Documenting the Story of Photojournalism in Afghanistan
A remarkable interview with Mo Scarpelli, co-director of Frame By Frame, on photography, free press and the unpredictable future of Afghanistan
In August 2013, Mo Scarpelli and Alexandria Bombach launched a Kickstarter campaign to fund Frame By Frame, a documentary that follows four Afghan photographers as they discuss what could happen to photojournalism, free press and their culture after foreign troops leave Afghanistan. Below is our Remarkable Interview with Mo on the story of photojournalism in Afghanistan.
From where does the fear that Afghanistan will “be forgotten by the rest of the world originate?
It’s interesting, we’ve heard the phrase about ‘Afghanistan being forgotten’ from all across the spectrum: from the photographers in Kabul, to researchers of Afghan media, to supporters of our film’s Kickstarter campaign.
In recent history, Afghanistan has really only been on the global agenda and international news circuit because of foreign involvement there, particularly when US troops came in 2001. There’s a pervasive sense that when the foreign entity pulls out, the world’s eyes will shift from Afghanistan, while the struggles in the country will persist.
In Frame By Frame, you’re following four photographers who represent a specific cause: preserving photojournalism in Afghanistan. Let’s begin with why this cause — these individuals’ stories — even exist. What have your subjects revealed to you about photography in Afghanistan between 1996 and November 2001? What did they tell you about the Ministry for the Promotion of Virtue and Suppression of Vice?
Three of the four photographers we’re following were not yet photographing during the Taliban’s rule from 1996 to 2001; they were first trained in photojournalism by one of Afghanistan’s first photo agencies (called Aina) after the Taliban was removed from power. However, they did have experiences with photography before 1996 — family portraits, wedding photographs, etc. — so they were aware of what was missing or suppressed during the Taliban.*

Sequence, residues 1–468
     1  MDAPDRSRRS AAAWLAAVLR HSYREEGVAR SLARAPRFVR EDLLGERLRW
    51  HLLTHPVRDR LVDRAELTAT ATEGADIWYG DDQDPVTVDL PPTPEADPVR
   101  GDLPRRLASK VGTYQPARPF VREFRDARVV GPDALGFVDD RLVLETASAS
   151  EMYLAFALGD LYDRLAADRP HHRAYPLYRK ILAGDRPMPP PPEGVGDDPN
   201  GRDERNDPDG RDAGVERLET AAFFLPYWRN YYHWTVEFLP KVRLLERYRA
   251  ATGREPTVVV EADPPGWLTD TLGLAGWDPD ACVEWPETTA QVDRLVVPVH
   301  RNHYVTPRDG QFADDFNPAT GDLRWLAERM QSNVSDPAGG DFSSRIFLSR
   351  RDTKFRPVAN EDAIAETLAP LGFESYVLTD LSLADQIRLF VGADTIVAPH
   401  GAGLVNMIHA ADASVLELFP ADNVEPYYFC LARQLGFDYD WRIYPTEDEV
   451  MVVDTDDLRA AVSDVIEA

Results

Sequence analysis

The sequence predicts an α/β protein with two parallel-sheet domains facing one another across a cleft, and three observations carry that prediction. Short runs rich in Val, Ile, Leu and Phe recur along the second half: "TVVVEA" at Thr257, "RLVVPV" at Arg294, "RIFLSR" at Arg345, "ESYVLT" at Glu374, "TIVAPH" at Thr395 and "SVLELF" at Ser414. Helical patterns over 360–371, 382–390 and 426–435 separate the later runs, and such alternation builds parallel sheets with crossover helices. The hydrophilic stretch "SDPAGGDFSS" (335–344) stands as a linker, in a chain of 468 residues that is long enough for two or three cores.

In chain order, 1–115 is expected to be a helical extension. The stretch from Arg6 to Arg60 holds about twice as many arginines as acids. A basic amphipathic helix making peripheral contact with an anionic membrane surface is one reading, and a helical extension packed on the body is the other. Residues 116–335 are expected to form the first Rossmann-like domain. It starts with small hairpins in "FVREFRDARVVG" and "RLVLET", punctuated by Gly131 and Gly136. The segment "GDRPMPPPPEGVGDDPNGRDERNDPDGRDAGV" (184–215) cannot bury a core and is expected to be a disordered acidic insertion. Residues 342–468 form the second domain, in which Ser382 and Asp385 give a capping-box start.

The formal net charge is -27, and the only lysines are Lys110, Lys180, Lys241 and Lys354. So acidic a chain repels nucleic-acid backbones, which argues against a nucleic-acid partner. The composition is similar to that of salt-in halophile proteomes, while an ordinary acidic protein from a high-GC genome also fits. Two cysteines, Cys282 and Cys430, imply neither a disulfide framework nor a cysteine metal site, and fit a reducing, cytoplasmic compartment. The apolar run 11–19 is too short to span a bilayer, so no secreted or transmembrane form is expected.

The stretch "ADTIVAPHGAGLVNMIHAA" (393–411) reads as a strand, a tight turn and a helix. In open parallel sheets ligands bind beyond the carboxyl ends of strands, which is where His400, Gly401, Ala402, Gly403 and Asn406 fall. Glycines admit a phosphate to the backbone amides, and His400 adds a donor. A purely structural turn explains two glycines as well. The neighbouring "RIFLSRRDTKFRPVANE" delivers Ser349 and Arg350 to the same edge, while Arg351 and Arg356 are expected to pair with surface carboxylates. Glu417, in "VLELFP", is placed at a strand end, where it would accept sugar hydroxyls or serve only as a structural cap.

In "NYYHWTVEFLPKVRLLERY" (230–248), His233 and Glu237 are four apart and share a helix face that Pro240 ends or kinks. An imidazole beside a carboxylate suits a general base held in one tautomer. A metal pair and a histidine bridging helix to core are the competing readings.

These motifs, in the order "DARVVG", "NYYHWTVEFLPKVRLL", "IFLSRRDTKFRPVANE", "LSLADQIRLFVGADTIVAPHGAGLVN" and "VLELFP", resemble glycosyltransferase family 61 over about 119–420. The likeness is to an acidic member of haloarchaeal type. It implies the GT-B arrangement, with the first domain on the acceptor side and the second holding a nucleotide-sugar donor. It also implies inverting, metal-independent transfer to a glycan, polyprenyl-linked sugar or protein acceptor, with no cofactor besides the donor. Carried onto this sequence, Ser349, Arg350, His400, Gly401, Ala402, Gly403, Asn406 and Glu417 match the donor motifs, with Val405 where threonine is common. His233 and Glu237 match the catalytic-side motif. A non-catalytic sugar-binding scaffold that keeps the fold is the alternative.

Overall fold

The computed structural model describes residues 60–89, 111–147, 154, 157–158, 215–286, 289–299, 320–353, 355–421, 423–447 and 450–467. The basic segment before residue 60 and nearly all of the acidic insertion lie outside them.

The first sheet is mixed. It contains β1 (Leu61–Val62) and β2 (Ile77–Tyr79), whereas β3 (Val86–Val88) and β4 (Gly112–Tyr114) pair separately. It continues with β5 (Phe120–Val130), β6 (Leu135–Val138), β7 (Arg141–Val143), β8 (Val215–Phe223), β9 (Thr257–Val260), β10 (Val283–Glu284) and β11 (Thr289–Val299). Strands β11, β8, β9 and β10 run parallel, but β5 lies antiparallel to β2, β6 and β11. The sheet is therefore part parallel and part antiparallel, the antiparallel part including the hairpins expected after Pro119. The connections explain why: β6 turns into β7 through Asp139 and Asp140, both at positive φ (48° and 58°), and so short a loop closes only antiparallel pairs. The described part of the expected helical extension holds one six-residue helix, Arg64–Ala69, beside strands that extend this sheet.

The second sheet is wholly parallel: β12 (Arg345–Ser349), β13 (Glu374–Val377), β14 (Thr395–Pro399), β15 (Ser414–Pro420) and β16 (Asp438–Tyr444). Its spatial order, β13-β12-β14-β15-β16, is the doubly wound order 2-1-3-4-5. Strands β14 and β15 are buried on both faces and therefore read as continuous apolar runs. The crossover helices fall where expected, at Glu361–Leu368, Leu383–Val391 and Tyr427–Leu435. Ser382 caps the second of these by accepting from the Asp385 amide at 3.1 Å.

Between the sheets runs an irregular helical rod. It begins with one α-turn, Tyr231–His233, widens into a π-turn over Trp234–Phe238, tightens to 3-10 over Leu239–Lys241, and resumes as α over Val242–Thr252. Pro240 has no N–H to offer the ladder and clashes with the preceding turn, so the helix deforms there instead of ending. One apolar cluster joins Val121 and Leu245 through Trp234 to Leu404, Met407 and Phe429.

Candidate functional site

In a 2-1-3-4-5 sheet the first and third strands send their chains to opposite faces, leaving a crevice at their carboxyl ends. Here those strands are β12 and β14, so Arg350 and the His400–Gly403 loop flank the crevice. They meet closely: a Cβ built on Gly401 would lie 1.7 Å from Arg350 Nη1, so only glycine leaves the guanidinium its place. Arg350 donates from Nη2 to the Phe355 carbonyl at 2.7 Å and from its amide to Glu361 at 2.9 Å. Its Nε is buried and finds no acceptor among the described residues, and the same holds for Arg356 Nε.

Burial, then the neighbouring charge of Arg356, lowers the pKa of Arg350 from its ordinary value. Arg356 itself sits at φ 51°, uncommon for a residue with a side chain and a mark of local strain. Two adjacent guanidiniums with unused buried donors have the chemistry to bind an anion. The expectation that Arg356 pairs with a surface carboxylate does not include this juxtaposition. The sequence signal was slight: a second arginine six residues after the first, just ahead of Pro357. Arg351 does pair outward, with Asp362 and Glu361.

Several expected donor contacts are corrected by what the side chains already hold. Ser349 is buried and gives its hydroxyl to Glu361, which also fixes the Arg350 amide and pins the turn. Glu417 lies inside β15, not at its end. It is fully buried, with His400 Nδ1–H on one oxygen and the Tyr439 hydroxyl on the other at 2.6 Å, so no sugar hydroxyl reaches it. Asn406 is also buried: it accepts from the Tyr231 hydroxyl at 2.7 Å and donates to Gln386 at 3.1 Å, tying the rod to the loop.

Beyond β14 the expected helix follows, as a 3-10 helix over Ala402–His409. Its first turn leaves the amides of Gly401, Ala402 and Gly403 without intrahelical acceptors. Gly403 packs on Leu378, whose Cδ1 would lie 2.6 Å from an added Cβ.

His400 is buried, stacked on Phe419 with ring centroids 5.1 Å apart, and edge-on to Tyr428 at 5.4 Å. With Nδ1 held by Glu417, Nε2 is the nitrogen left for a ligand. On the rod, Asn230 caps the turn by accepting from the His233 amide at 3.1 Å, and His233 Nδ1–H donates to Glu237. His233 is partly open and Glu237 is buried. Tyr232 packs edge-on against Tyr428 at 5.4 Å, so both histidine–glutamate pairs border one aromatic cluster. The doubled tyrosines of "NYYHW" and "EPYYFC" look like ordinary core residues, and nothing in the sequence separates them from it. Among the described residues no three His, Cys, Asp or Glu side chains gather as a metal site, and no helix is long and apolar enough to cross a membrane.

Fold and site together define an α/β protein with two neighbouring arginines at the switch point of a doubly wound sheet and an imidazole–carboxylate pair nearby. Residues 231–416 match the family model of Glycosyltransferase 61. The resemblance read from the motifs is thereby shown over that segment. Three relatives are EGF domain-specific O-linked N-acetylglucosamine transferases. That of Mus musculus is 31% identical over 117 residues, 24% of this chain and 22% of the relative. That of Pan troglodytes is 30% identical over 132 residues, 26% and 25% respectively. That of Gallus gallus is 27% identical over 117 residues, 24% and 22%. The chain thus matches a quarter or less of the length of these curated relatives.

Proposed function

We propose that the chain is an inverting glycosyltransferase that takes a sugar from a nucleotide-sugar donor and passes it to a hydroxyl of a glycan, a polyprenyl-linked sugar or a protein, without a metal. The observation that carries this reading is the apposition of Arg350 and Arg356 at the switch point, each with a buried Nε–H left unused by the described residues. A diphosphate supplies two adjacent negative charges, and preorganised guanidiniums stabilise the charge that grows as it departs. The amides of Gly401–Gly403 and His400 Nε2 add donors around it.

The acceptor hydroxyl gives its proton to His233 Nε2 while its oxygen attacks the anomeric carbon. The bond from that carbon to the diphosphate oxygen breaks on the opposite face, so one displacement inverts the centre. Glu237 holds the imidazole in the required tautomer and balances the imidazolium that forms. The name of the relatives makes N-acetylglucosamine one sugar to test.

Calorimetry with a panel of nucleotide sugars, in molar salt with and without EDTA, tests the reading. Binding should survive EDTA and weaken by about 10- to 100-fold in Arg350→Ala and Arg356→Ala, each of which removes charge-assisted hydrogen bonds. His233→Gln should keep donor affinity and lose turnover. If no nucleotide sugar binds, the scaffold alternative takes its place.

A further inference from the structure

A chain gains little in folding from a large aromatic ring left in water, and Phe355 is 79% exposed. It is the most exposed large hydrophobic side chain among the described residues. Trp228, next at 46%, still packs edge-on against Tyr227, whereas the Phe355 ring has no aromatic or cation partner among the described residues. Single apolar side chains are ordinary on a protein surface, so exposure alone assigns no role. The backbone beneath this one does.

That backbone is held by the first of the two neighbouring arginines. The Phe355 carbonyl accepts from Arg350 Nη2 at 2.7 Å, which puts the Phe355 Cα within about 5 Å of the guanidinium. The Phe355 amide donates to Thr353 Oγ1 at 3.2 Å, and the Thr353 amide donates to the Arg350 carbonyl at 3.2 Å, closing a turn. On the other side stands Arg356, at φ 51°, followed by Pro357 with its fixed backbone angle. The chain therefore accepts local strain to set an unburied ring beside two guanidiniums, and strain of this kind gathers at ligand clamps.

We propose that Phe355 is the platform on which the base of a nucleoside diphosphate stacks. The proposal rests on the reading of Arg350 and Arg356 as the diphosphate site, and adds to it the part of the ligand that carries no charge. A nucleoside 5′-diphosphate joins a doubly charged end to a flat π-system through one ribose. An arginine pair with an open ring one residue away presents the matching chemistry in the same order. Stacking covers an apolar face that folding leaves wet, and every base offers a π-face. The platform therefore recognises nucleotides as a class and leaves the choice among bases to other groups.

One of the photographers, Najibullah Musafer, studied visuals arts in Kabul from 1988 until 1992, and when the Taliban came to power, continued to photograph under the radar. He was contracted by the World Food Program to document a fierce famine in the central areas of the country. Naji’s stories are harrowing; he had some close calls. While his WFP vehicle was stopped and searched over a dozen times by Taliban, his camera equipment somehow always escaped detection. The bright ‘WFP’ painted on the side of the car helped, he says, in that the Taliban was reluctant to interfere with the international organization.
Naji recognized that he was likely the only one to ever document what was happening here. All provinces of Afghanistan knew the law banning photography; the Taliban ran the media and broadcasted radio programming far and wide.
During our initial time with them, none of the photographers spoke specifically about the Ministry for the Promotion of Virtue and Suppression of Vice, although we were aware that was the Taliban department that enforced a blanket ban on taking or displaying photographs.
- Two of the photographers were not actually in Afghanistan during the Taliban’s rule; their families took them to Pakistan and Iran during that time.
The Ministry’s mandates apparently didn’t just apply to the press. In A Fort of Nine Towers, a young Afghan named Qais Akbar Omar tells the story of his family’s photos being destroyed during the Taliban’s reign. What stories have you heard about Afghan people seeing photographs again in 2001 in general? How do the Afghan people value photography?
We’ve gathered from the photographers we’re following that Afghans for the most part did not emphatically embrace photography immediately after the Taliban was removed from power. It has taken some time for people to get used to photographs; the art had to sort of edged its way back into society.
Afghans can be deeply private, and while the history of photography in Afghanistan is quite strong, there is still a resistance to documentary photography. Some of our characters say Afghans remain suspicious or feel threatened by photographers shooting in public.
That said, we couldn’t go anywhere in Kabul without hearing that cheesy camera shutter noise as some teenage boy on the street snapped a shot of us with his cell phone. And photographs now line the streets — advertisements for toothpaste, smiling faces on billboards about university courses, portraits wheat-pasted as street art to the side of compound walls. Photography is definitely a pervasive part of urban life now, though it’s taking the public some time to get used to it.